Yes, this is effective overloading. But current track is not to ever stabilize this ability.

This falls under trait-dispatched parametric polymorphism.

Ultimately: I agree that the difference between type-driven adhoc overload sets and the current method lookup and trait dispatch is slight, but what I'm really arguing is that there is a well-defined difference.

The difference is pretty much exclusively in that overload sets are adhoc. Trait lookup is parametric, and method resolution is constrained. (E.g. a difference is that due to how Java namespacing works, all items in an overload set must be declared in the same file. Rust's module system would allow constructing an adhoc overload set by importing the name from multiple files/modules, as well as parts of the overload set having different visibility, etc. There are real differences between adhoc overload sets and method lookup.)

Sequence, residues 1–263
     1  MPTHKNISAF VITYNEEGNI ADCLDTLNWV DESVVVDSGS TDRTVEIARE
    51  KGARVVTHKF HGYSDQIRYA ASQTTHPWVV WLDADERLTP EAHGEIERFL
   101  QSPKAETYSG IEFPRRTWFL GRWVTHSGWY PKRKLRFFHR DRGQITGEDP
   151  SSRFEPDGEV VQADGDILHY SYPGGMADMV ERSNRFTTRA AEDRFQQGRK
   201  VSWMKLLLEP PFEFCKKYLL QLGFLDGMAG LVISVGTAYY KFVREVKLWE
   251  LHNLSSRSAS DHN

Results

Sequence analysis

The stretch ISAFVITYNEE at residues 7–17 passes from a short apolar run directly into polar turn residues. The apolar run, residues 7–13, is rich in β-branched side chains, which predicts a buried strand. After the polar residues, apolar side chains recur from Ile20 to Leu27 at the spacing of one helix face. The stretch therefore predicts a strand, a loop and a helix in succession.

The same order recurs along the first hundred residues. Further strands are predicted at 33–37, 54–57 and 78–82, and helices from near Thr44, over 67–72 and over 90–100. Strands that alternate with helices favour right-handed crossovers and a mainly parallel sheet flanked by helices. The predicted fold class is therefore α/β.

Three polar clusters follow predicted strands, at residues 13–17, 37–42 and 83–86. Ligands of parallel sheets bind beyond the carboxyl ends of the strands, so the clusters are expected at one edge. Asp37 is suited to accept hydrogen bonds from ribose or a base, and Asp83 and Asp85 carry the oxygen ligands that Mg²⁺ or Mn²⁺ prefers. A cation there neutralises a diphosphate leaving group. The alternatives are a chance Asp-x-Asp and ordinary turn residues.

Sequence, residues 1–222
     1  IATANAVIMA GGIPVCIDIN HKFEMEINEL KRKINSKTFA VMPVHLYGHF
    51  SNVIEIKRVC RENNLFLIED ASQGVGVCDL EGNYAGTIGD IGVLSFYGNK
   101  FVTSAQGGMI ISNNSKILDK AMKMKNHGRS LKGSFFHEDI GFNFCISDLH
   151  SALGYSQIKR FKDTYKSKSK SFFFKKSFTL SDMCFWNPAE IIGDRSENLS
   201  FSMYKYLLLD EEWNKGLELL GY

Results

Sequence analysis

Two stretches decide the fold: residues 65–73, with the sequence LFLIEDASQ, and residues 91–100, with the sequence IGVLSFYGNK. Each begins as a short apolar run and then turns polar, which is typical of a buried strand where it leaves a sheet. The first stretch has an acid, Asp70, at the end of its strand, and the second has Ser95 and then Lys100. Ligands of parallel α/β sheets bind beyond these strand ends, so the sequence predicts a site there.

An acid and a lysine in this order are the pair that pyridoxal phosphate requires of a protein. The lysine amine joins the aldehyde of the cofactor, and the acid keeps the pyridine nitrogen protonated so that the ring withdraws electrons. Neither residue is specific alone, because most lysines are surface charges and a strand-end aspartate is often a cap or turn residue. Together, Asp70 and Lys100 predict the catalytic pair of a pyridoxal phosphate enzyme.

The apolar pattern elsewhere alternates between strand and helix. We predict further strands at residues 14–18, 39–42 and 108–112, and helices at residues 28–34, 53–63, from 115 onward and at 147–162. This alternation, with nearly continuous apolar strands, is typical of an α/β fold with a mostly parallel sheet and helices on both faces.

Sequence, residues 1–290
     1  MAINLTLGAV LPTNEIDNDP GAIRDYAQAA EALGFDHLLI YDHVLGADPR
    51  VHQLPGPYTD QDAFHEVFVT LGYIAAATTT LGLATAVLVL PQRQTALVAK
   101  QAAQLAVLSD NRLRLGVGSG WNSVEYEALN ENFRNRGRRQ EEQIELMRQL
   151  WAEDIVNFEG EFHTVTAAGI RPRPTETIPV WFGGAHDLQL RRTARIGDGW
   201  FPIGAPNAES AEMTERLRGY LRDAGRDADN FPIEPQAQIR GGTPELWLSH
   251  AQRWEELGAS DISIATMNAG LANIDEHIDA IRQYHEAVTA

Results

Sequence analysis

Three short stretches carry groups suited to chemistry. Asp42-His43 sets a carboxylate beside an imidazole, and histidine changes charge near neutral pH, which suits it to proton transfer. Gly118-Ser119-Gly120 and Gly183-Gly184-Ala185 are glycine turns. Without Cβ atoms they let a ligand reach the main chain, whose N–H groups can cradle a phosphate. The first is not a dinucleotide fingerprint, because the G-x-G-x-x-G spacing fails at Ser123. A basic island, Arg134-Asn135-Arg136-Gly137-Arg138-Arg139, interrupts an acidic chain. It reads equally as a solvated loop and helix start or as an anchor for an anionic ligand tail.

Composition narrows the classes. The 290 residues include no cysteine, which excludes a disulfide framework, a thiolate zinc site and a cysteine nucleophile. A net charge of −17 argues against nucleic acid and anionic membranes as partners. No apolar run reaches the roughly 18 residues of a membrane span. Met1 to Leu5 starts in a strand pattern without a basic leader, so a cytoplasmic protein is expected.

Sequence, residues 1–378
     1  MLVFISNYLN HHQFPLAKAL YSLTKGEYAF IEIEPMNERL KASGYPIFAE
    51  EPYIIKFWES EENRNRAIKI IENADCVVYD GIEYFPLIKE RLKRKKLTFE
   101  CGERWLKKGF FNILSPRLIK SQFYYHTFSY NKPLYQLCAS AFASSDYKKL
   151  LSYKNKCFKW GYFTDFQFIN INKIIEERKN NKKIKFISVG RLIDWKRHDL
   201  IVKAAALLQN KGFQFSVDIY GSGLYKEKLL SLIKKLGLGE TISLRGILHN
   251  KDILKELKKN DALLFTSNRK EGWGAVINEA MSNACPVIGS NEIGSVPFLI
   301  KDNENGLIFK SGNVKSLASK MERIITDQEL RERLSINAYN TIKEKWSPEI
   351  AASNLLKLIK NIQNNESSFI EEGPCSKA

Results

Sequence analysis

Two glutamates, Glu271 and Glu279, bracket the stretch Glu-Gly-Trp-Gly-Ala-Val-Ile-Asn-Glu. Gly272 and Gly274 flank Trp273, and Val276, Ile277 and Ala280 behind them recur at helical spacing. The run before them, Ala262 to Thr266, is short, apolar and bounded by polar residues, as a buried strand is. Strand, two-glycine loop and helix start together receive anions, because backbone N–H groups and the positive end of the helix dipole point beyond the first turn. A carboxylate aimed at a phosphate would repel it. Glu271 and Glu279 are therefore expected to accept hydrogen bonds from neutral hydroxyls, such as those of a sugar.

I would like to explicitly disclaim any opinion, expressed or implied, on whether this side of the line is "better."

Yes, that is a fair point. I personally find that named arguments, even though they increase formal complexity, actually reduce perceived complexity because code using them often places reduced cognitive demands on the reader (and writer). It feels less complex. So I don't fully buy the complexity argument. But you're absolutely right that it does affect everyone. There's no getting around it. And there's a good argument to make that not complexity per se but "I've got this but just barely--don't make me change anything!" is a very valid reason to not make any changes unless they really pay for themselves.

So, yes, you're right: the two arguments are not equivalent.


I very much hope we do stabilize it. To the best of my knowledge, the main blocker has been the "rust-call" calling convention, which we could either stabilize, or replace with type-level variadics.